This team will drag any team into deep waters.
During the opening of the PBA’s 48th season, several players got into their school spirit, with alumni from different universities getting together after the parade of teams and snapping a group photo or two. We snagged some of them, in fact, as they made their rounds on social media.
The Band of Brothers known as the Ateneo Blue Eagles certainly looked fire:
The La Salle Green Archers of before weren’t to be outdone:
The former FEU Tamaraws were representing, too:
These fire photos show unequivocally the massive talent pipeline that is the UAAP, and it also got us thinking: How would a starting five look like if it were made up of active players from each university? For instance, whose players from, say La Salle, would comprise the starting unit of a hypothetical team?
It got us thinking… and thinking… and thinking… And so we buckled down to work to feed our curiosity. The result is this series, where we picked the starting five of each university—with the only criterion being every player must still be active in the PBA.
We’ll start with the Adamson Soaring Falcons, the school that produced PBA great Marlou Aquino and former MVP Kenneth Duremdes:
Jericho Cruz (Season 75 to Season 76)
Cruz is arguably the most accomplished Falcon in the pro ranks today, having been named Most Improved player in 2016, making the All-Star team thrice already, and winning a pair of titles (one with the Rain or Shine Elasto Painters, the other with the San Miguel Beermen). He is also probably one of the more complete Adamson alumni ever to make it to the big league with his savvy playmaking, reliable shooting, and pesky defense.
Jerrick Ahanmisi (Season 79 to Season 82)
The youngest of this bunch, Ahanmisi is taking some time to fully blossom—and that is no fault of his own. He’s simply in that stacked Magnolia Hotshots backcourt headed by Paul Lee, Mark Barroca, and Jio Jalalon, which means big minutes are hard to come by. But he can most certainly shoot the lights out, and he would make for a perfect complement to Cruz’s playmaking at this all-Adamson backcourt.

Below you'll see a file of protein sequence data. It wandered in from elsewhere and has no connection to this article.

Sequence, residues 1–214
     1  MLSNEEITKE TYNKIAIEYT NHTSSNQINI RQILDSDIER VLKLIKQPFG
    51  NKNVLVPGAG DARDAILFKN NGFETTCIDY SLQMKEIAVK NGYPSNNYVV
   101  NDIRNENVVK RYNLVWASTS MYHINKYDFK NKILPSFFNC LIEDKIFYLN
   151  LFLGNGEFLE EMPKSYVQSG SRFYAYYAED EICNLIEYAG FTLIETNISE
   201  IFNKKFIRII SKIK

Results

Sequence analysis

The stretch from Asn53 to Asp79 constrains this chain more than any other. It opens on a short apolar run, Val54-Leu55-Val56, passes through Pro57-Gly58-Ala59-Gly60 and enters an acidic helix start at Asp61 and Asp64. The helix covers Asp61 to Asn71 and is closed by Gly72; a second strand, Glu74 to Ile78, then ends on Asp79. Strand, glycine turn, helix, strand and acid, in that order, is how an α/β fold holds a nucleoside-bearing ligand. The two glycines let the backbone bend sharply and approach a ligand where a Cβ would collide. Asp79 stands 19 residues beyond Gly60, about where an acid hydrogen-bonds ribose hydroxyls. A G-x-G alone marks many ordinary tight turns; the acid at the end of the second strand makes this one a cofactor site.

Don Trollano (Season 75 to Season 77)
Trollano took that so-called leap last season, posting career highs in minutes (32.7), points (16.2), field goal percentage (47%), three-point shooting (44%), and assists (2.4) in 37 meaningful games for the NLEX Road Warriors. Even so, he continues to be a workhorse on defense, too, routinely taking on the challenge of defending some of the PBA premier perimeter scorers. And, with Cruz, Trollano figures to form a lethal two-way duo.
Eric Camson (Season 72 to Season 75)
Undersized at the four at 6-foot-4, Camson has nonetheless shown he can hang with the big boys by playing with a ferocity and physicality that have long been a Camson speciality. More than that, the 33-year-old vet is built for the modern game—with a nice touch from the outside, dribbling and playmaking chops, and quick enough feet to do damage on offense.
Rodney Brondial (Season 73 to Season 76)
Brondial is a lot like Camson—tenacious, physical, ferocious. But, unlike Camson, Brondial does most of his damage on offense in the paint, though he has enough of a touch to make the occasional middies. He’d be undersized at the five with this squad, but he won’t be overmatched—at least for the most part—simply because of all the effort he will sure put in for the team.
Breaking down the team
The thing that sticks out right away with this starting five is that it is devoid of a superstar like a Lee or a June Mar Fajardo or even a Christian Standhardinger. But it is filled one through five with role players willing to set aside their ego and just do whatever it takes to win. Three of them—Cruz, Trollano, and Camson—are also better-than-average two-way studs who have developed into stars in their own right.
All in all, this team is neither sexy nor super-talented. But it will fight tooth and nail every possession and will drag any team it plays into a war of attrition. And it will break some wills every now and then.